World News Brief, Wednesday July 7

Obama and Netanyahu finally meet after Gaza aid flotilla scandal; Israel to allow more consumer goods into Gaza; Thailand emergency rule extends to one-third of country; Julia Gillard proposes East Timor as centre for processing asylum seekers; Biden leaves Iraq following meetings; Somali president asks UN for help

Top of the Agenda: Obama, Netanyahu Meet in Washington


U.S. President Barack Obama and Israeli Prime Minister Benjamin Netanyahu will meet (Reuters) at the White House to mend ties after a period of rocky relations over Israeli settlement policy. The meeting--postponed a month ago after a controversial Israeli raid on a Gaza aid flotilla--may help restart suspended direct peace talks between Israel and the Palestine. Iran's nuclear program will be high on the agenda, but it remains unclear whether Netanyahu will extend beyond September a ten-month Israeli moratorium on new housing in Jewish settlements in the West Bank.

Another deadline driving U.S. officials is the Arab League's four-month window, through mid-September, for Palestinian President Mahmoud Abbas to show advances toward Palestinian statehood (WSJ) from indirect talks with Israel. Without a new endorsement, Abbas is unlikely to continue negotiations. Obama will press Netanyahu on the issues involved in creating a Palestinian state to help Abbas sell the idea of direct talks to skeptical neighboring Arab states.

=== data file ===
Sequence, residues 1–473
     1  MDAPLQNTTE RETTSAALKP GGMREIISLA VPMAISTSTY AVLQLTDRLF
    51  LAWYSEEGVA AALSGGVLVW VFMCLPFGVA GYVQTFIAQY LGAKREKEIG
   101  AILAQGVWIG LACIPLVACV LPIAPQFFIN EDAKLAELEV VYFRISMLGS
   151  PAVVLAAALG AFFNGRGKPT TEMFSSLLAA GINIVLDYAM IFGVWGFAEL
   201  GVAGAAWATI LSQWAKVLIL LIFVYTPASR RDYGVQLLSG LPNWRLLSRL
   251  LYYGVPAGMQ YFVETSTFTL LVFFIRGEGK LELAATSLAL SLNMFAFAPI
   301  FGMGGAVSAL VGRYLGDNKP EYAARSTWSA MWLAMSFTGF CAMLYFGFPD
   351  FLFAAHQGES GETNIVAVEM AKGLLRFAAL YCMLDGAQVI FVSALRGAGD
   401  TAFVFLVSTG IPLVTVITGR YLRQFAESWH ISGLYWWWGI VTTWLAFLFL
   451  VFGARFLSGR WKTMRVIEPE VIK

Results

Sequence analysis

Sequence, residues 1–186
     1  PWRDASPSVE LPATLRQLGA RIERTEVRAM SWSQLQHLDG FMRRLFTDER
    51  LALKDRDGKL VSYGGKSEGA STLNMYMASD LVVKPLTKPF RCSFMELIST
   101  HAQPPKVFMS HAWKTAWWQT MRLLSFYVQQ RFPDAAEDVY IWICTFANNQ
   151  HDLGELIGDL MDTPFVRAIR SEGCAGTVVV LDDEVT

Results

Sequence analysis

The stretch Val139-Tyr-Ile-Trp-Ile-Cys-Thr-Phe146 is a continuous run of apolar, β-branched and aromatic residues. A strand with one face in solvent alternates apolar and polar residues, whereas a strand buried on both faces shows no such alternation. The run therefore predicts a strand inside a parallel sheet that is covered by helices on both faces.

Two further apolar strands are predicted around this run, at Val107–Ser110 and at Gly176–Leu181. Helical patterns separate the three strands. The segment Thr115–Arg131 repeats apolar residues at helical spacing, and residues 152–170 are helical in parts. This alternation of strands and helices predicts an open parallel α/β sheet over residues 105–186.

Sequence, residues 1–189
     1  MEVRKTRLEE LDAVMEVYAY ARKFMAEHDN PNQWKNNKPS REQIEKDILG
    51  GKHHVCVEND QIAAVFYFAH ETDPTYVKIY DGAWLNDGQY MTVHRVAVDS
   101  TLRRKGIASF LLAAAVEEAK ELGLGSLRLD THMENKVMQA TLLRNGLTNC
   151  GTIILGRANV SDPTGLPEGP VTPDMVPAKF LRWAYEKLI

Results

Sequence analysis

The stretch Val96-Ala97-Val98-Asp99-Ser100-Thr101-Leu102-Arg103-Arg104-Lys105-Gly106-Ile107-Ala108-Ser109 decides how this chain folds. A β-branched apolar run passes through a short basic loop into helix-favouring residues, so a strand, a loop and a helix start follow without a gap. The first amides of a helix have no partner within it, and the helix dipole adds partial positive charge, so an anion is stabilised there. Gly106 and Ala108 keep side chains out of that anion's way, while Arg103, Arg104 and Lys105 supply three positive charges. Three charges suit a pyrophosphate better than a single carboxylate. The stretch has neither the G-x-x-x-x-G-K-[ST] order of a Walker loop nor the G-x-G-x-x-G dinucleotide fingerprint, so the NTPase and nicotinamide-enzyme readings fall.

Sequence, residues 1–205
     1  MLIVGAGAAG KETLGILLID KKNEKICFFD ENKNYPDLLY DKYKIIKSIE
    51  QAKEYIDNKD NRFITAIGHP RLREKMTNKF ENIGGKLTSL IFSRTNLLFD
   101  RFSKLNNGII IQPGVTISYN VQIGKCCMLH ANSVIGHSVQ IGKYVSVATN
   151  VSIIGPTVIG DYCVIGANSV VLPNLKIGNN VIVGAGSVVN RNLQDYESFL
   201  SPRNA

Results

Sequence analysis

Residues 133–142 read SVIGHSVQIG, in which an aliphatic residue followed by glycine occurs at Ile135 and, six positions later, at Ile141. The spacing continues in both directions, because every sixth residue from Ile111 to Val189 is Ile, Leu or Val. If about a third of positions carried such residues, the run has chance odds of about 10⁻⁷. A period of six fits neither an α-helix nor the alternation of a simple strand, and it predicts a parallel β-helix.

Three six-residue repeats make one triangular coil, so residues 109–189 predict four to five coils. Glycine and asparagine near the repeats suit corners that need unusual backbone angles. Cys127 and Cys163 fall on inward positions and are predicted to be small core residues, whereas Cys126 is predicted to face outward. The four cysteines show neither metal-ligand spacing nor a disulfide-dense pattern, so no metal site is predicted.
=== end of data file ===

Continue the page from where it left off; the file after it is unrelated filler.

The meeting comes a day after Israel confirmed it would allow more consumer goods to enter the Gaza Strip (BBC), which the White House called a "significant step" forward.


CFR's Robert Danin says that today's meeting between Netanyahu and Obama will focus on averting a breakdown in peace negotiations in light of September's two crucial deadlines.

In the Jerusalem Post, Ari Harow says Israel and the United States should renew their commitment to common ideals like fighting Islamic fundamentalism.


PACIFIC RIM: Thailand Extends Emergency Rule


Thailand's government extended emergency rule (Guardian) in roughly one-third of the country, including Bangkok, due to lingering fears of unrest by Red Shirt protesters.

Australia: Australian Prime Minister Julia Gillard proposed stemming the tide of asylum seekers to Australia (AP) by making East Timor a hub for processing UN refugee claims.



- Biden Leaves Iraq After Meetings
- African Leaders Urge UN Somalia Force


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